I-SEMANTICS 2011: Best Paper Award & Triplification Challenge Winners
This year the I-SEMANTICS conference gave away prices for the best scientific paper and the most promising triplifications.
The best paper award went to Pablo N. Mendes, Max Jakob, Andrés García-Silva and Christian Bizer for their contribution “DBpedia Spotlight: Shedding Light on the Web of Documents“.
Abstract: The paper impressively shows how Linked Open Data can be utilized as background knowledge within document-oriented applications such as search and faceted browsing. As a step towards interconnecting the Web of Documents with the Web of Data, the authors developed DBpedia Spotlight, a system for automatically annotating text documents with DBpedia URIs. DBpedia Spotlight allows users to configure the annotations to their specific needs through the DBpedia Ontology and quality measures such as prominence, topical pertinence, contextual ambiguity and disambiguation confidence. They compare their approach with the state of the art in disambiguation, and evaluate their results in light of three baselines and six publicly available annotation systems, demonstrating the competitiveness of the system. DBpedia Spotlight is shared as open source and deployed as a Web Service freely available for public use.
For the 4th time I-SEMANTICS hosted the Triplification Challenge, an event aiming at stimulating the availability of large quantities of RDF data and showcasing practical applications built on top of them. The Challenge consisted of an unspecific “open data track” and a dedicated “open government data track” for which one winner was selected. The prize money of 1000 Euro each was sponsored by Wolters Kluwer Germany.
The “open data track” award went to Daniel Garijo, Boris Villazón and Oscar Corcho for their contribution “A Provenance-Aware Linked Data Application for Trip Management and Organization“.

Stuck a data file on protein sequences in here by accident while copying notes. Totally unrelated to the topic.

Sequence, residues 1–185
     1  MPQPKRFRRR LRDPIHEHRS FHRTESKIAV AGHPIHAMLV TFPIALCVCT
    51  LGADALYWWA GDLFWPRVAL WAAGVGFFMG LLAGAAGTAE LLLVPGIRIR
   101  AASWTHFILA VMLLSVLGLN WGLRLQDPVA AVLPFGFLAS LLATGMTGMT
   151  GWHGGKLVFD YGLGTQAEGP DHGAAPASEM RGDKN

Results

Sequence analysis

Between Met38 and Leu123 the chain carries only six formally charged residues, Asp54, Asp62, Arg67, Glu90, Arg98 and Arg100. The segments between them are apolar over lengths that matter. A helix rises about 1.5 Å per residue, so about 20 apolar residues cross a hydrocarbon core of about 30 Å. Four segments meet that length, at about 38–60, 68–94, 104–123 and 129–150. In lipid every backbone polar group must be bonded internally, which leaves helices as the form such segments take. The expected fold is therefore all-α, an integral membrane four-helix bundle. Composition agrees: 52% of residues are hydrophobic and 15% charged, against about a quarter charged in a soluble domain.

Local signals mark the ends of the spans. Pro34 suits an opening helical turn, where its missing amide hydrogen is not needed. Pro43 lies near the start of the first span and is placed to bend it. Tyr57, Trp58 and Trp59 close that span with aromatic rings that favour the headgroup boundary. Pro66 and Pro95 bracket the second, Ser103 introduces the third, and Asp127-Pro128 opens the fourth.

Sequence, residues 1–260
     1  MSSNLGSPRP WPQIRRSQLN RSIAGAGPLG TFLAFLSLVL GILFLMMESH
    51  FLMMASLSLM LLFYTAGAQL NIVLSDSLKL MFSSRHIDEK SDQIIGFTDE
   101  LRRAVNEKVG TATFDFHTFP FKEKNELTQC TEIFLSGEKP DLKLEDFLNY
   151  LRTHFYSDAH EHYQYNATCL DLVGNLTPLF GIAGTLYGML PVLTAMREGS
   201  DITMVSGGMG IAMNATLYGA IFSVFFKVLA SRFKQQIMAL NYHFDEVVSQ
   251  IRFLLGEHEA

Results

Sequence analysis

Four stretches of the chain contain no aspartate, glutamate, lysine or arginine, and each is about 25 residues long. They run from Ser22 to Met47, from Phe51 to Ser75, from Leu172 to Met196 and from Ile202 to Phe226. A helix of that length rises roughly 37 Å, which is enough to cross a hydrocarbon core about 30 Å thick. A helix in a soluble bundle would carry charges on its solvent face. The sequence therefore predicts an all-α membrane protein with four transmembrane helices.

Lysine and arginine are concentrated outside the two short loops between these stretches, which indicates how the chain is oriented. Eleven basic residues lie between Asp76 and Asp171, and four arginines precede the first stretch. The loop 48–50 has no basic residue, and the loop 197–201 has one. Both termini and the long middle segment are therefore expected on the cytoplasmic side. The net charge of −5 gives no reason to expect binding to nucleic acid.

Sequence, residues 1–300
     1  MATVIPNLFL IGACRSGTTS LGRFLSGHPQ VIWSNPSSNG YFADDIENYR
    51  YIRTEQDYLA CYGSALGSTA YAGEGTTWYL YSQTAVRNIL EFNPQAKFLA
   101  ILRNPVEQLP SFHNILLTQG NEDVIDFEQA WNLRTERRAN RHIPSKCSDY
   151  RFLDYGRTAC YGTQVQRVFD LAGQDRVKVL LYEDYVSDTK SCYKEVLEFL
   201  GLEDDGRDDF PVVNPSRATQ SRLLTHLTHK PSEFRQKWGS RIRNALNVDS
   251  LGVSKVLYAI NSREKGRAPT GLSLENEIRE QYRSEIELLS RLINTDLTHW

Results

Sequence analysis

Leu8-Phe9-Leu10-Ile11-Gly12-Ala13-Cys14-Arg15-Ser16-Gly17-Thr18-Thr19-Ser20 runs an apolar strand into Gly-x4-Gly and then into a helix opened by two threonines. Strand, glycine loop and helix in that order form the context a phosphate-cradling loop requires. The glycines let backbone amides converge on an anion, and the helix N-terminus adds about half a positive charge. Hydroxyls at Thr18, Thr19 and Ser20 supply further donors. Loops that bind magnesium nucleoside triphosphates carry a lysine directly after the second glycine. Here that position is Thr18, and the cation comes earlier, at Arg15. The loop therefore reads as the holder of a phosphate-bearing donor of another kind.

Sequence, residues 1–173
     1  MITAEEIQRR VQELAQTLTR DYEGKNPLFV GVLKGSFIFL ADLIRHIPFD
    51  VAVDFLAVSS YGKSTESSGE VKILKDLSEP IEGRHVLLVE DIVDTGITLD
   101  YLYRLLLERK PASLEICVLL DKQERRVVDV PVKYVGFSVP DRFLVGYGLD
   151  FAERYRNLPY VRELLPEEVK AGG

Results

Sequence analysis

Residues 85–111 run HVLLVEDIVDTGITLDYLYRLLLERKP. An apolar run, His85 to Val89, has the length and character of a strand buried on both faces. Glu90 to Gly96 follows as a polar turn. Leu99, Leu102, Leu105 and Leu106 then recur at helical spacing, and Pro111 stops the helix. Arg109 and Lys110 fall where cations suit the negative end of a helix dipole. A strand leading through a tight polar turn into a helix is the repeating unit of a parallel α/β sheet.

Abstract: The authors present El Viajero, an application for exploiting, managing and organizing Linked Data in the domain of news and blogs about travelling. El Viajero makes use of several heterogeneous datasets to help users to plan future trips, and relies on the Open Provenance Model for modeling the provenance information of the resources.
The “open government data track” award went to John Erickson, Yongmei Shi, Li Ding, Eric Rozell, Jin Zheng and Jim Hendler for their contribution “TWC International Open Government Dataset Catalog“.
Abstract: The TWC International Open Government Dataset Catalog (IOGDC) integrates a diverse selection of more than 70 government dataset catalogs from around the world. IOGDC demonstrates a practical dataset catalog metadata model for integrating diverse dataset catalogs collected from the real world and linking those catalogs into Linked Data Cloud. IOGDC’s faceted browsing and search interface provides a scalable and reconfigurable solution for finding and browsing open government datasets which also offers a compelling demonstration of the value of a common metadata model for open government dataset catalogs. We believe that the vocabulary choices demonstrated by IOGDC highlight the potential for useful Linked Data applications to be created from open government catalogs and will encourage the adoption of such a standard worldwide.
All papers are available in the ACM Digital Library.
We thank all participants for their contributions and wish the winners all the best for their future work!